I was thinking about that oft-confusing adage recently while perusing the Emmy award nominees list, which got me thinking about all awards, which got me thinking about publishing...and here I am.
How did I connect the two? Well, it was a very complicated train of thought, but here's the gist:
We all want to win awards and become famous and find fortune, but we want to achieve all that while doing whatever we want. I believe we call it "expressing ourselves."
But, there are certain genres, certain styles, certain concepts that are award-winning material (or have mass appeal, or make tons of money), and those that aren't (and never will). For the Oscars it's gain-thirty-pounds-and-sob-on-camera performances and make-the-audience-think-while-depressing-them-to-the-point-of-needing-a-therapist storylines, mostly. And no matter how beloved the "Ocean's" movies and Brad Pitt's Rusty were, they were never going to win Oscars.
Does that mean Soderbergh should have turned the projects down? That Angie should have threatened to leave Brad if he reprised his role for the nth time? Yeah, right.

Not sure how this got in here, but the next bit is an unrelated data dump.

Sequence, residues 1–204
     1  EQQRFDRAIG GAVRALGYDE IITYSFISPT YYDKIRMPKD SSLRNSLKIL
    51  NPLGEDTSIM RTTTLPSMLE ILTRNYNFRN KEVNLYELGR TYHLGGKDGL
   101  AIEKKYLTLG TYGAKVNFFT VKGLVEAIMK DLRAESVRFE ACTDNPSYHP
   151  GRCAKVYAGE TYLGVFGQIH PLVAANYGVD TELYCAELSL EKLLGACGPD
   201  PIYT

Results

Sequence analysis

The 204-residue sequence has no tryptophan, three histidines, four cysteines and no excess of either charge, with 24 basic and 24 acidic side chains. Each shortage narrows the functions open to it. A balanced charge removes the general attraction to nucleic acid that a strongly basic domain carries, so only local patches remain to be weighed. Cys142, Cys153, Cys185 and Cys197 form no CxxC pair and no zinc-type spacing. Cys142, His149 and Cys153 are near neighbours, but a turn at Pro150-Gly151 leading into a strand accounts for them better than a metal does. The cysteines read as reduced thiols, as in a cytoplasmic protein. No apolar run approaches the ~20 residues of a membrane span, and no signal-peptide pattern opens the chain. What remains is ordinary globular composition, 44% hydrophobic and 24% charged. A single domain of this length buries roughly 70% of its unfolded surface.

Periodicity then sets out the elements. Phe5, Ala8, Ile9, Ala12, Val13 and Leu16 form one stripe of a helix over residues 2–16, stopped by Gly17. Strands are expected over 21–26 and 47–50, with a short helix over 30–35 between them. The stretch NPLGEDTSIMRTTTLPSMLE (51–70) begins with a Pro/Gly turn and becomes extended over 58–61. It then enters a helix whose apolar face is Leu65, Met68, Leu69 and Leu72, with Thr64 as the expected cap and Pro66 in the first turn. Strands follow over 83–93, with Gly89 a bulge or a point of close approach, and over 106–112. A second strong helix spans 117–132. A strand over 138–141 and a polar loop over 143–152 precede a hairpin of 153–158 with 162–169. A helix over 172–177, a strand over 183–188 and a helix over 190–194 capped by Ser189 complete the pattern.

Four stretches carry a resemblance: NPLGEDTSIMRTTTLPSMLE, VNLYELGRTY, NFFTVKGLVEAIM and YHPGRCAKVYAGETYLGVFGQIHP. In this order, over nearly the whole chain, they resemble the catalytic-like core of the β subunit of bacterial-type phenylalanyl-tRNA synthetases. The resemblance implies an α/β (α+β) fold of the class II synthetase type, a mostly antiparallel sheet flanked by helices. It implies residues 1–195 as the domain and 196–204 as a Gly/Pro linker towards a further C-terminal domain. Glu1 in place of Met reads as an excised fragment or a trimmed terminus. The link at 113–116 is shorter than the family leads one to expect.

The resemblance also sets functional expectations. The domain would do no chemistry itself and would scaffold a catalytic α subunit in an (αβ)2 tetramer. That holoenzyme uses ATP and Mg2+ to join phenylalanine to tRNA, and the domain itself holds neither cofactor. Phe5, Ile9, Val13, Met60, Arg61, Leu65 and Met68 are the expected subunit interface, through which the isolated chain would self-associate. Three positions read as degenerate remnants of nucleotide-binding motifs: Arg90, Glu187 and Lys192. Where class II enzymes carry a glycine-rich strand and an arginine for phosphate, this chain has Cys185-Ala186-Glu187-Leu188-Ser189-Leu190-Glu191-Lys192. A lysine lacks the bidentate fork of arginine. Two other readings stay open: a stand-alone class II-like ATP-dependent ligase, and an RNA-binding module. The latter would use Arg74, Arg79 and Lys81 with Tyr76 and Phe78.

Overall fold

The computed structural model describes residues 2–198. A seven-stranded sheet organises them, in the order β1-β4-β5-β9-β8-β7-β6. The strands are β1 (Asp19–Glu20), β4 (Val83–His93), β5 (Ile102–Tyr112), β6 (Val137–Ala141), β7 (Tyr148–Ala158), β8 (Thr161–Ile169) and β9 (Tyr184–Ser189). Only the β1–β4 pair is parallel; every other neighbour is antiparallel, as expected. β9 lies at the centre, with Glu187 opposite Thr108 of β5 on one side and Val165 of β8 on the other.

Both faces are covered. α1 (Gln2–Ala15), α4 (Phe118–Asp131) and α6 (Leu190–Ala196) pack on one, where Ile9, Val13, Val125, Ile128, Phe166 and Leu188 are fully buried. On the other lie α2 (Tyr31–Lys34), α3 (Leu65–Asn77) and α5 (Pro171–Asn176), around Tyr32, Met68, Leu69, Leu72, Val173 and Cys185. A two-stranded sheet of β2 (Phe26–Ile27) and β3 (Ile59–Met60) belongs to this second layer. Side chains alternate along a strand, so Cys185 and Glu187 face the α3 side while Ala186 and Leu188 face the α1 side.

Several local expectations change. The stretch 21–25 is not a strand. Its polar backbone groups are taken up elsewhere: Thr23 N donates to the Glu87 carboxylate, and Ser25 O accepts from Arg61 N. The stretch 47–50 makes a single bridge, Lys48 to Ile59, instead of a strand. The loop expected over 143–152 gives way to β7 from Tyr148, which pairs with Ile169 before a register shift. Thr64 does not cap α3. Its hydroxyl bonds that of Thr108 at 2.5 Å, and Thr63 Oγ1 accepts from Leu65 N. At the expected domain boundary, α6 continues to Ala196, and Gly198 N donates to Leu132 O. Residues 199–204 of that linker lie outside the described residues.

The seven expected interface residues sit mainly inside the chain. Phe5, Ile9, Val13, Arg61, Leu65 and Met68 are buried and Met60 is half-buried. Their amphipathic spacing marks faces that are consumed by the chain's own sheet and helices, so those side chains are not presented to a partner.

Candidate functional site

My point is: why do authors (and creative types of all kinds) so often feel the urge to complain when their "thing" isn't given its due credit? Like short story authors who complain that they're just under-appreciated, or YA authors who bemoan the negative stereotypes that accompany the genre.
To those authors, and to comedians and indie rock bands, I say this: you can either do what you love and roll with it. Or you can do what is loved and be awarded.
Have your cake, or eat it, people. You can't do both. There's no sense in arguing with physics, and I really don't want to hear you try.
PS - Yes, I fully intend to ignore the fact that my last post was almost three months ago. Except for this post script, which is acknowledging it...